Third, God intervened to be with us by becoming a man. God had made his plan known through the prophets in the Old Testament, through angels, through revealing himself to men, but God himself had never become a man before now. God’s intervention was fully personal. God became a baby, a flesh and blood human being, in his fullest revelation to us. He showed himself to us so that we could come to know him. Thank you, Lord, for entering our world!

Tuesday, Dec. 20 – Annunciation

adventRead Luke 1:26-33

We are going to focus on just one verse in this passage, the greeting from the angel Gabriel. And he came to her and said, “Greetings, O favored one, the Lord is with you!” (Luke 1:28). What is the significance of how the angel greets Mary?

First, Mary is given special, divine favor from God. The root of the word favor is often translated in the New Testament as grace. God gave Mary special grace for the task that was ahead of her. Mary was not a dispenser of grace, as some would believe, but rather she was shown special favor by God for the task for which God had chosen her, bearing the Son of God. This had nothing to do with anything in her that set her apart. She was a humble girl, from an unimportant place, yet God chose her for this important role and gave her grace to perform it.

Second, God not only chose her, he granted his presence with her in a special way. He promised to be with her. That’s the promise of all of Scripture, that God would be with us. Behold, the virgin shall conceive and bear a son, and they shall call his name Immanuel (which means, God with us) (Matthew 1:23). God’s plan from the beginning of time until the end of time is to be with us. He is the good news, and his presence is all that we need.

We can all have God’s grace and his presence with us, through the sending of the Holy Spirit, just as God showed his grace and presence to Mary. That’s the promise of Jesus, given by God. We can experience his new birth in our lives and his presence with us, always, by faith. What an indescribable gift!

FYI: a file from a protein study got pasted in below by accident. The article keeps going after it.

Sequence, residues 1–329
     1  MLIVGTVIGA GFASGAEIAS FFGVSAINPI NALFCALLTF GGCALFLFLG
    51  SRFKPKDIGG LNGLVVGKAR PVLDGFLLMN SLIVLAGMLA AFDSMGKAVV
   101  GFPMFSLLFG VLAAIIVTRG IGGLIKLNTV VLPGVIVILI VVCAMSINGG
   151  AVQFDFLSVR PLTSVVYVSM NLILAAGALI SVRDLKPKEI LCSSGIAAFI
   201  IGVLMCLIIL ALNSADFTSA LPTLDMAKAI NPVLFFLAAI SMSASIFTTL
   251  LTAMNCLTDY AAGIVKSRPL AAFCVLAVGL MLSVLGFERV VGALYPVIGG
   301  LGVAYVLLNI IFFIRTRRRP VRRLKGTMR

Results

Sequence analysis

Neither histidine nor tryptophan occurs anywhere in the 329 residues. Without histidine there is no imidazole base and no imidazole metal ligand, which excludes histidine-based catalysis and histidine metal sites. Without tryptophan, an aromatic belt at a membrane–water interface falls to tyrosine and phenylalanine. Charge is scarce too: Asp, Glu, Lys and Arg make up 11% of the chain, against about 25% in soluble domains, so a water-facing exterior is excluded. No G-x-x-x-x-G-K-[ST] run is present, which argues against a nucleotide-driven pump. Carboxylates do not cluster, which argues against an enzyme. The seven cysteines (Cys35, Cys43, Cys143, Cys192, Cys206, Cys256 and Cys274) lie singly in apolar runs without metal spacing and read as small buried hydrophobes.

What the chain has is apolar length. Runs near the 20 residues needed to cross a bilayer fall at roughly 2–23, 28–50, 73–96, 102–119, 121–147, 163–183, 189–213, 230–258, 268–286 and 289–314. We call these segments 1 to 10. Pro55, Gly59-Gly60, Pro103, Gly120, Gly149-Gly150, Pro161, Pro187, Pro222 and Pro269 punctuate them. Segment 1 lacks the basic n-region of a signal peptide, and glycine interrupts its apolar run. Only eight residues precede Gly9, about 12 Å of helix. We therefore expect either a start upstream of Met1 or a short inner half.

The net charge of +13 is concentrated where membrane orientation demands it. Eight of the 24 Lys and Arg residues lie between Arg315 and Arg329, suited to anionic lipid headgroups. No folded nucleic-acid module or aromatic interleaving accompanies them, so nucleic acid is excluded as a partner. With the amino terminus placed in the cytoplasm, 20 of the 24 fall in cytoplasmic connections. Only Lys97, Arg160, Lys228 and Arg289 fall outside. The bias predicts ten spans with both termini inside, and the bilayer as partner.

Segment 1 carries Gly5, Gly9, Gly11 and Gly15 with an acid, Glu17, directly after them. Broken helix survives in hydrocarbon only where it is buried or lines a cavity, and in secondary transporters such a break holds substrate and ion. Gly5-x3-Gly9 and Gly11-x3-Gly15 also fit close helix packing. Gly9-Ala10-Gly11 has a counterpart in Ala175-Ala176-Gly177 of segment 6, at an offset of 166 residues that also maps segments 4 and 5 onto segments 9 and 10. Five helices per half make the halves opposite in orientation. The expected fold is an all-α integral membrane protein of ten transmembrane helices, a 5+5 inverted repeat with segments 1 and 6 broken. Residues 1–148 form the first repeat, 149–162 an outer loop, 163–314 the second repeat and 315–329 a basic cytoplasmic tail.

Monday, Dec. 19 – John the Baptist

adventRead Matt. 3:1-6

Before Jesus, there was John the Baptizer. He was a relative of Jesus, and he came to prepare the way for Jesus. John connects the saving activity of God in the Old Testament with the work of Jesus in the New Testament.

He does that first by fulfilling Old Testament prophecy. Isaiah wrote about John, the forerunner to the Messiah, in Isa. 40:3. A voice cries: “In the wilderness prepare the way of the Lord; make straight in the desert a highway for our God.” This prophecy is about John. John came to prepare the people for the Lord, just as Isaiah said. John came, as the Scripture foretold, to prepare the way for another that the Scripture foretold. This one foretold is God himself.

There is a pattern to God’s plan. God sent many prophets in the Old Testament period to prepare people for the coming of the Messiah. They all spoke of him in different ways and in different periods, just as the author of Hebrews said: “Long ago, at many times and in many ways, God spoke to our fathers by the prophets” (Hebrews 1:1). God spoke through the prophets, and the last prophet he spoke through was John.

But “in these last days he has spoken to us by his Son, whom he appointed the heir of all things, through whom also he created the world” (Hebrews 1:2). Jesus was the final Word. We don’t need any more words from God in order to know his purpose, plan, and provision. Jesus is the one. Listen to him and follow him.

Sunday, Dec. 18 – Peace

adventRead Isaiah 11:1-9

Before we finish this week looking at the New Testament references to the birth of Jesus, we are going to go back briefly to Isaiah 11 to look at it a little more fully. This passage describes the rule (3-5) and the world (6-9) of the Messiah, when he comes.

What will his rule be like? First, he will rule in righteousness. What does that mean? All his judgments will be right and just. Nothing will sway the Messiah when he makes a decision, not sentiment, or feelings, or what he sees. Each person will get exactly what he or she deserves, unlike what often happens in our world today. His clothing itself indicates his nature, one of complete and perfect righteousness.

Second, the world he rules will be characterized by incomparable peace. He will bring what sounds like a new Garden of Eden. Predators and prey will now be reconciled (v. 6). They will be at such peace with one another that even a little child can rule over them. Beasts will have their nature changed and eat the same food (v. 7). The curse between the serpent and the woman will be removed (v. 8). This Eden will fill the whole earth because the knowledge of God will cover it all (v. 9).

We don’t experience that rule and that kind of world yet, do we? Not entirely, but we can experience it in some ways in our hearts and lives as Christians, as Paul commands us to allow the peace of Christ to rule in our hearts (Col. 3:15). That is the peace that Jesus brought, partially, and that he will complete in the end when he comes again. Maranatha – Lord, come quickly!